Analysis of red pepper marketing: the case of Alaba and Siltie in SNNPRS of Ethiopia
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Mussema, R. Haramaya University, Haramaya (Ethiopia). 2006. Analysis of red pepper marketing: the case of Alaba and Siltie in SNNPRS of Ethiopia . MSc thesis (Agricultural Economics). 153p. Haramaya (Ethiopia): Haramaya University.
Permanent link to this item: http://hdl.handle.net/10568/719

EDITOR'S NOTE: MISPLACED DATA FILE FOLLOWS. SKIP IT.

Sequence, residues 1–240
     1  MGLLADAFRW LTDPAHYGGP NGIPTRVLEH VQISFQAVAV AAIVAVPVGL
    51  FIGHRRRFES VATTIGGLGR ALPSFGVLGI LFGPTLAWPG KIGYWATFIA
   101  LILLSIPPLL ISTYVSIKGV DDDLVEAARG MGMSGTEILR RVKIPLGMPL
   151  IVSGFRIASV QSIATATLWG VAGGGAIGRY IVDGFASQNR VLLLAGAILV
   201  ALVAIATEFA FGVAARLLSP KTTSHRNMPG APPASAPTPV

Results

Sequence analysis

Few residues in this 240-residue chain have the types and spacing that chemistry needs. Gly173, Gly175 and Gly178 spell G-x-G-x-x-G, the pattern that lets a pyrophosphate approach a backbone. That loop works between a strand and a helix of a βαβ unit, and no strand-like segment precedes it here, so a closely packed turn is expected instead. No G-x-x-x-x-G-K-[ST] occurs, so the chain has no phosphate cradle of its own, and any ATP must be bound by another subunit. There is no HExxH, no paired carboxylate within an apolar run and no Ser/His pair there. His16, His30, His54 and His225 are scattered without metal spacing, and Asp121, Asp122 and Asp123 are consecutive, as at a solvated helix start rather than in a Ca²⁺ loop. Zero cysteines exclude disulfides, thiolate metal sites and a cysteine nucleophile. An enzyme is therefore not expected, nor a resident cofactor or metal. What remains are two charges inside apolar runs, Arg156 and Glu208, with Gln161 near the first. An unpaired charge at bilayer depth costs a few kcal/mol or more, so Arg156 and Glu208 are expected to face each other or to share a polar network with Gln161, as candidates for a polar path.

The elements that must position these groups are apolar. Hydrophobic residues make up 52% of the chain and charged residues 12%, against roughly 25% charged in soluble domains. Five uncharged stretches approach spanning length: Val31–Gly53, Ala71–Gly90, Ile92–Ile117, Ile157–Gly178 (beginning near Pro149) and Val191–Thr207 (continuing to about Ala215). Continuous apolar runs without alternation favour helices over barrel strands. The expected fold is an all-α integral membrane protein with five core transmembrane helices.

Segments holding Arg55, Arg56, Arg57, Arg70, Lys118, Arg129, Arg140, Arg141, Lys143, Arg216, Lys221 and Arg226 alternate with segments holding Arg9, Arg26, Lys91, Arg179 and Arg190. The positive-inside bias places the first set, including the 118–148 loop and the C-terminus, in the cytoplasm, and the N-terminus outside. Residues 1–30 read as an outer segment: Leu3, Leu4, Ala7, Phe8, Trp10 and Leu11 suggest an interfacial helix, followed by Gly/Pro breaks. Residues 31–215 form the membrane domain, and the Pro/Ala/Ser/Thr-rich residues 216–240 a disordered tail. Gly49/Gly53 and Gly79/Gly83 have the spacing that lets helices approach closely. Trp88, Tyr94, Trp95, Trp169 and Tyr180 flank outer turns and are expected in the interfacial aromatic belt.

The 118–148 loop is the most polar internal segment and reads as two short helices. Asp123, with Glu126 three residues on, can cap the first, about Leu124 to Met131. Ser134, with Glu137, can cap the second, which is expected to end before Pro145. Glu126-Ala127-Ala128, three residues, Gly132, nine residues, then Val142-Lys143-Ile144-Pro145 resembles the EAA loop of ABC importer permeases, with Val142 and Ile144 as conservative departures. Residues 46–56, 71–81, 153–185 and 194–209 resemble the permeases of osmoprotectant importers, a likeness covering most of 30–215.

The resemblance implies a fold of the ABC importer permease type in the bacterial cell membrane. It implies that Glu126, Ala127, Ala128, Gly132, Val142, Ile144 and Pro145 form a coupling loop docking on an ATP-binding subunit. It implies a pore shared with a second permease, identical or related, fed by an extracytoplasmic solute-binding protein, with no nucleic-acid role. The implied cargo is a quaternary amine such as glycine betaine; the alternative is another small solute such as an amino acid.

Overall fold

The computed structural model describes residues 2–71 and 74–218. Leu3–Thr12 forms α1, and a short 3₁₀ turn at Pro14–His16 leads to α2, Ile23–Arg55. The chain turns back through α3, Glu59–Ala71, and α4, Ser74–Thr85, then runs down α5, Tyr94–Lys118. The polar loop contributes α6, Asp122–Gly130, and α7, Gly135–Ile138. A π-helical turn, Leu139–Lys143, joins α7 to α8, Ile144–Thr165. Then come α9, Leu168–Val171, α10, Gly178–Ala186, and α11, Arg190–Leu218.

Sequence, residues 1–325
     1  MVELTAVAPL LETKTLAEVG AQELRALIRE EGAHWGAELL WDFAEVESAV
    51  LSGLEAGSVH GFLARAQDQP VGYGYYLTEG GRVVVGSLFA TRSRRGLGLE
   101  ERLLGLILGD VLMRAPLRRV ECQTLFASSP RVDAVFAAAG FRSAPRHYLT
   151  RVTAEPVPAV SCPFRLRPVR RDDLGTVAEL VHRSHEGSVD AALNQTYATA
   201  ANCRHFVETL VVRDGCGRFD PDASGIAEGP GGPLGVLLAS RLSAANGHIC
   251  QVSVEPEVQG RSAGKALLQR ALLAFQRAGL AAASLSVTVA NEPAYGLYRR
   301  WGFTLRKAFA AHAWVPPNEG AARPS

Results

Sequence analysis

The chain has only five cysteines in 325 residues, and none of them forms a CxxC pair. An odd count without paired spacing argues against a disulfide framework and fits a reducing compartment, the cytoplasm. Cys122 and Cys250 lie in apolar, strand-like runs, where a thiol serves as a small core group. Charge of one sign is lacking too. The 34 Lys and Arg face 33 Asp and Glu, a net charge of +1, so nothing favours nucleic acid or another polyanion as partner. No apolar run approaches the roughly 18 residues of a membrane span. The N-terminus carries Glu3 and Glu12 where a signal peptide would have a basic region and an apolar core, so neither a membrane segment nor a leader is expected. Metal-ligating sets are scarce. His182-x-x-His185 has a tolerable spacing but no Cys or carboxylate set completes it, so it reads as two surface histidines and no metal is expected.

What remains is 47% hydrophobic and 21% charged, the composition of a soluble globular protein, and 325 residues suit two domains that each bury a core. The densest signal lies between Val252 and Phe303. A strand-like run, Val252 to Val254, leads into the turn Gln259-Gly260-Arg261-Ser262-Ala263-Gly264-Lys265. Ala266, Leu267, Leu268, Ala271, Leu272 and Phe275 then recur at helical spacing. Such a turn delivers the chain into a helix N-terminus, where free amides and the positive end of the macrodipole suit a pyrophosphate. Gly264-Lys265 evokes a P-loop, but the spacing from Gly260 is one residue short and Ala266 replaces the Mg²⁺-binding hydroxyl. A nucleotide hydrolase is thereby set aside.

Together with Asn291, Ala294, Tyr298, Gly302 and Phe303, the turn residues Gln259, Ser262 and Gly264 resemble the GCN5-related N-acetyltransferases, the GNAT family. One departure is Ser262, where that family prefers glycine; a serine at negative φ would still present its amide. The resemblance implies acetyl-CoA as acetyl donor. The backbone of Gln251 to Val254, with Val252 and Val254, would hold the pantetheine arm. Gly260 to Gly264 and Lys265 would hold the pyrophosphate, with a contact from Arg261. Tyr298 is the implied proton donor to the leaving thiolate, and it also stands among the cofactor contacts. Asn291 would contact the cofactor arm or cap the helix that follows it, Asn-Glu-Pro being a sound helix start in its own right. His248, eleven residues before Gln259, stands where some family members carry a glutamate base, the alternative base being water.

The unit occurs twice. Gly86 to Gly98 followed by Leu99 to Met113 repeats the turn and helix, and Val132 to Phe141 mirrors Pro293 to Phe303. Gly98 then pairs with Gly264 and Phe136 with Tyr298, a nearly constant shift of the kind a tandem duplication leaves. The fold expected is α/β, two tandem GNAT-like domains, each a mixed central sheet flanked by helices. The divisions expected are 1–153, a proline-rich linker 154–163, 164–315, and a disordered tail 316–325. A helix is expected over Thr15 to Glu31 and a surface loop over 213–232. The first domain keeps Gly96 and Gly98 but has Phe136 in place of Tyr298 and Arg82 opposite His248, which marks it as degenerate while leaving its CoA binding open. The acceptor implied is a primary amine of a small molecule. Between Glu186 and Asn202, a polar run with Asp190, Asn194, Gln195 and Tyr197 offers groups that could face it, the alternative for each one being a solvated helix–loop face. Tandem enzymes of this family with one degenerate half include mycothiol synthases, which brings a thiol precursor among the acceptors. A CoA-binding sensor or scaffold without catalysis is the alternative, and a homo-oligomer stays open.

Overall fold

This research attempts to examine red pepper marketing in Alaba and Siltie with the specific objectives of identifying marketing channels, and the role and linkage of marketing agents; quantifying costs and margins for key marketing channels; identifying factors affecting volume of pepper supply in Alaba and Siltie and examining integration between regional markets and the terminal market. Red pepper marketing channels, and the role and linkage of marketing agents has been evaluated using structure, conduct and performance approach. This study also attempts to investigate the performance of pepper marketing channel by analyzing marketing costs and margins, and examines the integration of pepper markets over the 2001/02-2004/05 period by using Cointegration and Error Correction Model. Moreover Tobit and Heckman two stage econometric models were used to investigate factors affecting pepper market participation decision and quantity supply of pepper. According to the results of the study, in 2004/05 regional wholesaler and urban assemblers purchased about 44% and 28% of farmers production, respectively. Sample markets were inefficient, characterized by oligopolistic market structure in Addis Ababa, Alaba and Tora markets. Research findings suggest that an improvement in producers bargaining power through cooperatives is necessary to reduce the olgopolistic market structure. In Alaba Kulito market, traders set purchase price after the mid nigh. Based on this price setting strategy, there is an urgent need for government intervention. Structure of the markets indicates that licensing and years of pepper trade experience did not hinder entry into pepper market, but education and capital were barriers. Market information is the main problem. Markets also are characterized by low producers’ share and high marketing cost. Based on the Heckman two-stage model, the study has identified the main determinants of pepper market participation decision and its effect on the quantity supply. One of the most important variables influencing the decision to participate in pepper market is pepper production. Consequently, extension work should focus on encouraging farmers to participate in pepper production especially, there is a need to increase new varieties that are disease resistant variety and disseminate these technologies to potential areas. The other factors that adversely affects market participation is crop yield of the households. Keeping their specialization and social role in pepper production potential areas is necessary. Moreover, pepper production and extension contacts are the determinant factors of the quantity of pepper supplied. Therefore, policies that would improve pepper production capacity by identifying new technologies and create stable demand for surplus production would enhance farmers’ decisions on marketable surplus. Non farming income and number of livestock affected the quantity of pepper supplied negatively. Thus, stakeholders have to make further investigations on cost and benefit of non-farm income and livestock production of farmers and let them know the result to make their decision. Further, the result shows that Siltie zone pair markets (Tora – Silti, Tora - Alem Gebeya, Tora – Dalocha, Silti – Alem Gebeya, Silti – Dalocha and Alem Gebeya - Dalocha) are integrated. However, the terminal market (Addis Ababa) is not integrated with the regional markets (Alaba Kulito, Silti, Dalaocha, Tora, and Alem Gebeya) even though, the regional markets are the major pepper supplier to Addis Ababa market. This implies that there is poor market information system, limited bargaining power of farmers, oligopolistic market structure in the pepper market. The findings suggests that, effective market information service has to be established to provide accurate and timely information to farmers and traders on current supply of pepper output, demand and prices at national and regional levels. Market structure of pepper (strong oligopoly market) also influenced market integration, implying the need for creating competitive market structure.